While he is a bit undersized for an NFL running back (5-foot-9, 195-pounds), Kyren Williams’ passing-catching prowess, pass-protection skills, and demonstrated ability to play bigger than he is should help him retain a regular role in an NFL offense. “But he had a subpar performance at the NFL Combine.” I’m here to let you know that a player testing poorly at the Combine is not the end of the world. In regards to Williams, his 4.65-second 40-yard dash speed, substandard 32-inch vertical leap, and other not-so-ideal test results won’t stop him from reeling in the rock when it’s thrown his way. The tape never lies, and Williams’ college tape shows us that he can be a reliable weapon when used correctly through the air, and on the ground.
That said, the likelihood of Williams ever being “the guy” in an NFL offense is slim due to his size. You need to be able to take on hit after hit to be a workhorse back at the highest level, and understandably, most don’t view Williams as that type of player. Fortunately, he doesn’t have to be a workhorse back to help his Mojo Market investors profit. In other words, Going Long on Williams with his 2x Multiplier could net you a very solid return in the long run.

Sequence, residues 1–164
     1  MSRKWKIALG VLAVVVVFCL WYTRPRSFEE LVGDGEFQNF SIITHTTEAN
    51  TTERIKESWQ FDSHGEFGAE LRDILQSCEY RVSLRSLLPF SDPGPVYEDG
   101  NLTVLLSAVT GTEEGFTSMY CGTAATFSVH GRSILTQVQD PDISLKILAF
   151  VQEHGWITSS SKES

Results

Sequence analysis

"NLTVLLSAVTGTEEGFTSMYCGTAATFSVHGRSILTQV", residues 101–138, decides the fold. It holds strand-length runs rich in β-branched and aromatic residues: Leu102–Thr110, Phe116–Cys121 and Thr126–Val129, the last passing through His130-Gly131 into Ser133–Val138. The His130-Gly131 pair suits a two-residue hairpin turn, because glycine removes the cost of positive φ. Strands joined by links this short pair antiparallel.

Remember James White (5-foot-10, 205-pounds)? He played in 95 games as a pro, but never carried the ball more than 14 times in a game. In fact, he toted the rock 10 or more times on just four separate occasions. Nevertheless, he ended his career with 3,278 receiving yards, 1,278 rushing yards, and 36 total touchdowns. Knowing what we know about Mojo Value, we can conclude that White amassed $3.28 in Mojo Value with just his receiving yards — $1.69 more than Williams’ current share price. This tells us that if Williams truly does follow a similar career trajectory, he’s one of the easiest investments in the Mojo Market right now.
He made his NFL debut on November 13th against Arizona and, right away, his pass-catching upside was on display, as he caught all three of his targets for 30 yards. As a whole, Williams is an undersized back who thrives as a pass-catcher and a pass-blocker, which should help keep his snaps steady on a week-to-week basis. He doesn’t project as a lead back, but he’s talented enough to produce solid numbers on the ground, as well as through the air.